- Basic Usage
- Repeats and number of dots
- Grouped dots
- Concentric grids
- Merge grids
- Java based versions
The diameter of the concentric circles in common polar grids increases at a constant rate, as shown on the left. DiBL generates grids with a consistent shape of the stitches, the diameter of the circles increases in proportion with the distance between dots along each circle.
This article is about the InkScape extension, with the web-based version you gain examples but loose functionality.
Once the extensions are properly installed, you can select
polar grid from the
bobbin lace menu under
A dialog allows to configure the grid. A few notes:
- Within the choice list of grid patterns, a tiny cheat sheet advises angles and repeat factors.
- Traditional Binche snow flakes require an angle of 60 degrees.
- Create the grid in a separate layer to enable locking while drawing the pattern or hide it for printing.
- Many dots, shallow angles and/or a big difference in the diameters may require a lot of time to compute and render.
- To connect the dots: switch on snap cusp nodes to the centre of bounding boxes. But of course you can just print the grid and continue with pencil or ink.
Pin distances should more or less match the thread size. Multiply the desired radius by three and divide the result with the desired distance to get a rough estimation of the required number of dots. The value however changes from the inside to the outside. The measurement tool of InkScape (available since release 0.91) can tell you any distance you want to know.
Repeats and number of dots
Keep repeats in mind to choose the number of dots. For the fans shown below the number of dots should be a multitude of three as indicated by the red dots. The style of grids however may also have a repeat, which is indicated by the selected grid pattern.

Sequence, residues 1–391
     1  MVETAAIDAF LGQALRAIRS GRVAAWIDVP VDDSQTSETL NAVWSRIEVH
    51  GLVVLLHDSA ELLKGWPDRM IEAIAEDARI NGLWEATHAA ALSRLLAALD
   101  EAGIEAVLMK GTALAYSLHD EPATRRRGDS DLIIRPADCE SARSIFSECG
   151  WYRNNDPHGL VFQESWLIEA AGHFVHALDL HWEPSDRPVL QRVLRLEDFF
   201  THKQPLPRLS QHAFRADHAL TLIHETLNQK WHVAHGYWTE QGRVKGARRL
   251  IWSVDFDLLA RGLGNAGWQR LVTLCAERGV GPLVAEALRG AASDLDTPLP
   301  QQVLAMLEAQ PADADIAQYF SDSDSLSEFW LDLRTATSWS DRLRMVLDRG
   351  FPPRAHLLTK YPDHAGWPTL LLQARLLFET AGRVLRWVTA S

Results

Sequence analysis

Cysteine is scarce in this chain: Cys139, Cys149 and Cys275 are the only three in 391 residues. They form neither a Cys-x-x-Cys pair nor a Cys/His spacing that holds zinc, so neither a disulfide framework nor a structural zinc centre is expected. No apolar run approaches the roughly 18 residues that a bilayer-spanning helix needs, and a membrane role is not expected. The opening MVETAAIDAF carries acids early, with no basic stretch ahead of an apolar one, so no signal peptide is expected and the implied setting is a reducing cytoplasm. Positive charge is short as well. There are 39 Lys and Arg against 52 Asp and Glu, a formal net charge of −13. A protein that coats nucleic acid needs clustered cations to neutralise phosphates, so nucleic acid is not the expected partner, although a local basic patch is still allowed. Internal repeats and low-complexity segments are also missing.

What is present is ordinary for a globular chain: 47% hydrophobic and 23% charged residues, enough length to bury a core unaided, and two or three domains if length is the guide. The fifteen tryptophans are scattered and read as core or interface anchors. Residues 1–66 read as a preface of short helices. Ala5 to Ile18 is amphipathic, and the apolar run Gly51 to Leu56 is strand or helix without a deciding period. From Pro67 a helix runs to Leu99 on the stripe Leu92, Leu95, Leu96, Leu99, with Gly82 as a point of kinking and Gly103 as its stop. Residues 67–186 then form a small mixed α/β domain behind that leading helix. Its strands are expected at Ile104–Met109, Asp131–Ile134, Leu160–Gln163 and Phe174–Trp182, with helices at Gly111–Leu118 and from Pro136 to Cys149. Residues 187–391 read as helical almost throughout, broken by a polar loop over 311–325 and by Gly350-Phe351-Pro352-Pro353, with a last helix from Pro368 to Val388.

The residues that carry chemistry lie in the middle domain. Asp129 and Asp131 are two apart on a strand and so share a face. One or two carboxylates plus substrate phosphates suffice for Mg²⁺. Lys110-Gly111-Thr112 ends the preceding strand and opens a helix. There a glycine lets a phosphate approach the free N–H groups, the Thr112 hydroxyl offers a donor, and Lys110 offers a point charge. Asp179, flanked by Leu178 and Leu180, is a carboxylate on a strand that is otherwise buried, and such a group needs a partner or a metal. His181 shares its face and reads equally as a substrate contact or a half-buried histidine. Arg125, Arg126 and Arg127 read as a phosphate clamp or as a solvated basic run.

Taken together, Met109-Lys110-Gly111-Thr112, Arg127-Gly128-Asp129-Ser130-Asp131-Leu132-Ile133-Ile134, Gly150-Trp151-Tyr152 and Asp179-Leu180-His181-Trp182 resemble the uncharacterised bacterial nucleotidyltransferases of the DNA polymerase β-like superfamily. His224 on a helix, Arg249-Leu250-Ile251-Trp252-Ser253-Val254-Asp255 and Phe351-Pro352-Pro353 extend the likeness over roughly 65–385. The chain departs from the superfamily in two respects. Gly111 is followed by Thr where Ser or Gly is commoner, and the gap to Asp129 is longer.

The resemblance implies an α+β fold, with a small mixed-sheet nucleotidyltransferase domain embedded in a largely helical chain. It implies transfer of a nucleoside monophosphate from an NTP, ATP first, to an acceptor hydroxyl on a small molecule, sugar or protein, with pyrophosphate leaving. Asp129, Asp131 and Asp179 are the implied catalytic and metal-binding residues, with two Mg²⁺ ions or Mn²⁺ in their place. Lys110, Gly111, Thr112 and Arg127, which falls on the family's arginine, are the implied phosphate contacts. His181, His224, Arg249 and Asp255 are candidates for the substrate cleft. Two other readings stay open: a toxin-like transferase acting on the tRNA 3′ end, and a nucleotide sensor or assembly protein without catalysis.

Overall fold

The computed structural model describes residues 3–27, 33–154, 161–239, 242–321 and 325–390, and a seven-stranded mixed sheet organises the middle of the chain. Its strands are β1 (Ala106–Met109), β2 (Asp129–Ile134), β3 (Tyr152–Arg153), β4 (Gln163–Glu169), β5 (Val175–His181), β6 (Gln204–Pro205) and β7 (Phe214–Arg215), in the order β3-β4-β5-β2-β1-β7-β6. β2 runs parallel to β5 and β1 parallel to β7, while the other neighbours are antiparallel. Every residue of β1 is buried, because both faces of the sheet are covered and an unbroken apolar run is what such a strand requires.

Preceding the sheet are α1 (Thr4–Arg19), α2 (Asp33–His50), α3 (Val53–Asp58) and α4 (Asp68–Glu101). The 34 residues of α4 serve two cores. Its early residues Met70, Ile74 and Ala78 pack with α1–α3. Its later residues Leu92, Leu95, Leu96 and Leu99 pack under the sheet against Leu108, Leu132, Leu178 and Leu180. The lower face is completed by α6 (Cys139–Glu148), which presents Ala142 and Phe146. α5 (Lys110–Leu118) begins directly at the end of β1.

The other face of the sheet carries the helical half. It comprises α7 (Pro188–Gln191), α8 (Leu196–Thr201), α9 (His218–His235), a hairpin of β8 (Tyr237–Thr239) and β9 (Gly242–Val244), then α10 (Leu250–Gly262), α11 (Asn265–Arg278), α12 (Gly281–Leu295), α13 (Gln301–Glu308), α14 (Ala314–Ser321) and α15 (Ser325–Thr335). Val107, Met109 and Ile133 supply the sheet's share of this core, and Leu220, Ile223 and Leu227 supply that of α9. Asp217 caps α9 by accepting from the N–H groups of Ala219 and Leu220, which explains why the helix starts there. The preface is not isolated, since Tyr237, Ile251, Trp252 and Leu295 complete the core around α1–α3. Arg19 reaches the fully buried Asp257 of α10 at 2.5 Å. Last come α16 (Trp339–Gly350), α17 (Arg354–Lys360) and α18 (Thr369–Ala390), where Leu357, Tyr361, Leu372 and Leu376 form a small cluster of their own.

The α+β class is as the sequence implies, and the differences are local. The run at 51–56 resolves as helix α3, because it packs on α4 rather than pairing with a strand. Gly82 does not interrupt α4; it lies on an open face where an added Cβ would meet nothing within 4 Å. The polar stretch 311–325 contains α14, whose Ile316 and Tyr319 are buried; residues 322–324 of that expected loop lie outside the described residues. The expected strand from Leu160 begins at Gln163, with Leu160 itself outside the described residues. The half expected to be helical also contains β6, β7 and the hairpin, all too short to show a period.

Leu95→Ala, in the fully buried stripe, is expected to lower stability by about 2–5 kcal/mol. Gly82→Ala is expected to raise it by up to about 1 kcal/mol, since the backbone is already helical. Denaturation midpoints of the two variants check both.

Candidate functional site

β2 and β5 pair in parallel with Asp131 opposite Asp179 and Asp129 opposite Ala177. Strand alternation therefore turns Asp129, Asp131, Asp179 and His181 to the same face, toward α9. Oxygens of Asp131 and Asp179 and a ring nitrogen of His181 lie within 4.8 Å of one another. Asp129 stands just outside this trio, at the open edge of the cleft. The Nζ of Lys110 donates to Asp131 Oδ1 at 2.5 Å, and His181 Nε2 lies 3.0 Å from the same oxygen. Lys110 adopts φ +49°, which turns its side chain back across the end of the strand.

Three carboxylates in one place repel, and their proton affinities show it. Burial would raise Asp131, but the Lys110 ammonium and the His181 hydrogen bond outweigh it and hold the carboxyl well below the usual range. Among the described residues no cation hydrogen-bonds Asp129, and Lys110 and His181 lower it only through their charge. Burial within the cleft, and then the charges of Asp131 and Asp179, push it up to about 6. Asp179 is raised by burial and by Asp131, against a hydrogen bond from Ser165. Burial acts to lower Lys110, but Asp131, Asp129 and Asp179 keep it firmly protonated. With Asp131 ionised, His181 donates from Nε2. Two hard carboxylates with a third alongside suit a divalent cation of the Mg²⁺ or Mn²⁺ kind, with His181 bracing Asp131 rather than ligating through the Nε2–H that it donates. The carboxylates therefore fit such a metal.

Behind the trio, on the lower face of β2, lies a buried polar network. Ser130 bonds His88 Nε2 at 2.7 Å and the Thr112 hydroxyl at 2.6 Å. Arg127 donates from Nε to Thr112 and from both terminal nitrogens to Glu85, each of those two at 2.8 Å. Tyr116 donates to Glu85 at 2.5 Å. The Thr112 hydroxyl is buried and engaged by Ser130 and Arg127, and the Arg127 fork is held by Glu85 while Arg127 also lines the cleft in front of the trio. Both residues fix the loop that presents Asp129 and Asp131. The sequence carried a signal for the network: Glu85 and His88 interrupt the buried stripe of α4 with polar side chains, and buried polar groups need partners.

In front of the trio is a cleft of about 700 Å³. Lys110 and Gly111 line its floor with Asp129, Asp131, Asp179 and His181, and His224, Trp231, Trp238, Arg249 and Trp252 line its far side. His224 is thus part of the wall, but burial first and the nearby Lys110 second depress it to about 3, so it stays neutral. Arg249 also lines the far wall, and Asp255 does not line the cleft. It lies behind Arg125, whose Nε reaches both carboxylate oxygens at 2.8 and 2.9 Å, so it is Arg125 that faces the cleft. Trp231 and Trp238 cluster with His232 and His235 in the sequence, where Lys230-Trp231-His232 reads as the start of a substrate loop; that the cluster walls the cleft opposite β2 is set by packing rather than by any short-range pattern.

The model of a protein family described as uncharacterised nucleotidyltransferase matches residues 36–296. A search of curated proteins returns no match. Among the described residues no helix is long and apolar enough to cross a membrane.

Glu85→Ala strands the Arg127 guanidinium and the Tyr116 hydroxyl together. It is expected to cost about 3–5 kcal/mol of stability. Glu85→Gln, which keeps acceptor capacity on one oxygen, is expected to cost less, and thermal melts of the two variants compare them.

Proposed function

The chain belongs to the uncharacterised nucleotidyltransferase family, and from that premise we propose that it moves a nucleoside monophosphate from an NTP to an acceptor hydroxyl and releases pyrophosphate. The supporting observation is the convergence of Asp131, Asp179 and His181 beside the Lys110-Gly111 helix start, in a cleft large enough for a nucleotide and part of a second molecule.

The generated dots are grouped per circle. The properties of a ring of dots has a label with the diameter. The number of dots on a circle is shown by the status bar of InkScape. To delete sections of the grid (to keep just a pie or fan) you first have to ungroup these circles, the label with the diameter will get lost.
A big difference between inner and outer diameters can cause a big difference in pin distances. You can overcome this with concentric grids with different numbers of dots. Take the diameter of the last or second-last ring as the diameter to align to.
The ratio of dots between the green and red grid in the example is 2:3. This difference could for example be bridged with asymmetrical spiders, in this case four legs on the inside, six on the outside.
Merging grids allows more than the built-in choices of dot-patterns. A few examples:
- hexagon + triangle: 60 degrees, 120 dots + 30 degrees, 80 dots
- hexagon + triangle: 30 degrees, 120 dots + 60 degrees, 80 dots
- diamonds, 30 degrees: 120 dots + 80 dots Align the second grid to a second ring for alternating patterns.
The [math] is an approximation, so you might see small inaccuracies with extreme values. [math]: https://github.com/d-blpull/5/files#diff-326bb6c119212f45e228f5e0516187e3
Java based versions
The Java proof of concept in DiBL is a stripped version of the stand alone Java version in the BobbinWork project, the interface of this old generator might be challenging and it provides only the diamond pattern of dots. It served as a blue print for the python script.